7 low-cost videoconferencing services: Which is best for your meeting?

Remote colleagues and friends are the norm today. We look at 7 online services that help you keep in touch.

By Serdar Yegulalp, Computerworld |  Unified Communications, Adobe Connect, Cisco

Skype 5.10

Price:Free for two participants. Three or more participants: Premium subscription starting at $8.99/month
Platforms: Windows, OS X, Linux, Windows Phone, iPhone, Android

 

Skype has become a popular choice for free VoIP communication, with two-person video chat as a standard feature. Version 5.1, released in January 2011, added multiperson videoconferencing as well.

The free edition of Skype allows multiuser chat, but only one person in such a chat can have video active. To enable group videoconferencing, at least one person on the call needs to have a Skype Premium subscription, for which you can purchase a day pass ($4.99) or a subscription on a monthly ($8.99), quarterly ($20.23), or annual ($53.94) basis.

If you're already familiar with Skype, multi-party video chat is easy enough to figure out.

If you don't need anything too ambitious, Skype may be the best place to start. To begin with, odds are that you and your cohorts already have the program. If you don't, it's free to download and use. Skype also makes Android and iOS clients, although they don't support multiperson videoconferencing, just conventional one-on-one video chat.

I'd been a regular Skype user for some time before trying out the videoconferencing feature, which simply adds multiple video feeds to Skype's existing group-chat format. That makes it relatively easy for a Skype user to dive in, which is a nice plus, although it does nothing for people who already dislike Skype's somewhat clunky and cluttered interface.

As with most other teleconferencing applications, Skype automatically tracks who is speaking and gives that person's video feed prominence. (If several people try to talk at once, it doesn't switch.) If you have multiple monitors, the screen-sharing function lets you pick one and share whatever's on that display to everyone in the conference. It's not interactive, though; you can't give mouse or keyboard control to another user.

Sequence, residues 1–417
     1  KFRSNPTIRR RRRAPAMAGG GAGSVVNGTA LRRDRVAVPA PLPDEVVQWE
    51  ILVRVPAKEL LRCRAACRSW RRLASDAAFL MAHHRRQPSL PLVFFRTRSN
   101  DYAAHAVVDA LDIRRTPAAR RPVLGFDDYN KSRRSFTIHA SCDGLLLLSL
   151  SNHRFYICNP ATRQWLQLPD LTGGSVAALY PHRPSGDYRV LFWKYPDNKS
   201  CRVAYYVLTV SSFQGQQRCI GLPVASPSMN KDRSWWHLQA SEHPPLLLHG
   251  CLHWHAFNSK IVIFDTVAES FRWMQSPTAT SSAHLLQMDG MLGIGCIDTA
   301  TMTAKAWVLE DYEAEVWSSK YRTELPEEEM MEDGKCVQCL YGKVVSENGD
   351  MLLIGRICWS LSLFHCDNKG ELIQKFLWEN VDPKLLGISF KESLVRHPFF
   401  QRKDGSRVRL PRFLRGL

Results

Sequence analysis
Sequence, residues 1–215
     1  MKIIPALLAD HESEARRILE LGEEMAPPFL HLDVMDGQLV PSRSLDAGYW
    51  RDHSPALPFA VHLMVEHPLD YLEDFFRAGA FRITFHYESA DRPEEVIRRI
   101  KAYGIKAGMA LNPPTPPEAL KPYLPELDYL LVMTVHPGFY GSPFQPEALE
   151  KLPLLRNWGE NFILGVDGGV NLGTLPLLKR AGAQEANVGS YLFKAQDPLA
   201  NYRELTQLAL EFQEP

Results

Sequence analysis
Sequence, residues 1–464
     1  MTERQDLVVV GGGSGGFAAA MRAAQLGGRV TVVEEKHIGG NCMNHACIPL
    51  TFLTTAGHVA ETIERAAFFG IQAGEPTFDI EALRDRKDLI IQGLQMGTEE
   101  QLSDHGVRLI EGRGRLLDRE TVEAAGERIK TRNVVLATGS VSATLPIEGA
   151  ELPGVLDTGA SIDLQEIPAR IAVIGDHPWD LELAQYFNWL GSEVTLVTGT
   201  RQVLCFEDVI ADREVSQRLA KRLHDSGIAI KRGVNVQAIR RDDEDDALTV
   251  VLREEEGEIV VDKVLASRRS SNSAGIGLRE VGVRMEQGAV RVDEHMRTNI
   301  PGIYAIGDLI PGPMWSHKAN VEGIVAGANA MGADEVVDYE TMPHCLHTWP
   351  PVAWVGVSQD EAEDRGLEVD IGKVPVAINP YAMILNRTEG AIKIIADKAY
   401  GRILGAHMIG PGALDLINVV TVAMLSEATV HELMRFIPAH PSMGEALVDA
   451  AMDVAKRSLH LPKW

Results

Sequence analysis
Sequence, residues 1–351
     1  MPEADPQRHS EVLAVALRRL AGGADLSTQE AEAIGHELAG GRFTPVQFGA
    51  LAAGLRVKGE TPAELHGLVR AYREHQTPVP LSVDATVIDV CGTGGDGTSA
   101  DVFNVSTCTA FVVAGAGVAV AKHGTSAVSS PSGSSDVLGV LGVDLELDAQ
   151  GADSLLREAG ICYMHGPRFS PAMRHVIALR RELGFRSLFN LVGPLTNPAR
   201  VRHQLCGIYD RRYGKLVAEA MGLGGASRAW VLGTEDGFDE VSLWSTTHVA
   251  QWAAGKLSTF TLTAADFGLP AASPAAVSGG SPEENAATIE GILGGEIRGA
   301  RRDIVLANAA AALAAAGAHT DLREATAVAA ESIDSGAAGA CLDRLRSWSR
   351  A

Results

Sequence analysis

Moderator control for group chats is limited: You can mute your own mike and disable your own camera, but not someone else's. It would also have been nice for Skype's file-sending feature to deliver files to everyone in a conference at once, but it's limited to one person at a time. And the only way to do whiteboarding or advanced file sharing is through third-party add-ons, such as IDroo.

Using Skype for videoconferencing has some other downsides. For one, discussion groups can't be very large: they're capped at a maximum of ten people, and Skype recommends that you only have five or fewer people in a group conference to avoid performance problems.

Another possible obstacle is Skype's fair-use policy for group video calls, which allows a maximum of 10 hours per day, 100 hours per month and 4 hours per call. Exceeding these limits causes any active call to be downgraded to audio-only. That said, these limits shouldn't pose a problem for most business conferences.

Also, if you plan on logging videoconferences through Skype, be warned the program has no native way to do this. You'll have to either use one of a number of Skype plugins that perform call recording or a third-party program that does the same. Evaer, for example, can record calls and video in the MP3 and MPEG-4 formats, and includes all the needed codecs.

Bottom line

Skype is a good place to start for conferencing, thanks to the ubiquity of the program, provided you have at least one user with a paid account. Lack of call recording without third-party add-ons is a major minus.

Skype gives the person speaking precedence, has a full-screen mode, and can share applications.

Conclusions

The best place to start on a low (or nonexistent) budget is Google+ Hangouts. Skype's a close second, although it requires you or someone in your circle to have a paid account.

Cisco WebEx Meetings earns many pluses for its free starter tier, support for multiple client types, and full conference recording. Brother OmniJoin lacks Mac support, but has a good roster of end-user tools for conference logging and checking connection quality.

Citrix GoToMeeting has good interactivity and sharing, but limited session-recording, and no free tier. Adobe Connect has broad platform support and very well-thought-out presenter's features, despite having no free tier either. And while Lync has a good deal of promise, the release version of the service needs to be more polished -- and have a more consistent Mac client -- than what we saw.

Serdar Yegulalp has been writing about computers and information technology for over 15 years for a variety of publications.

Read more about desktop apps in Computerworld's Desktop Apps Topic Center.

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Originally published on Computerworld |  Click here to read the original story.
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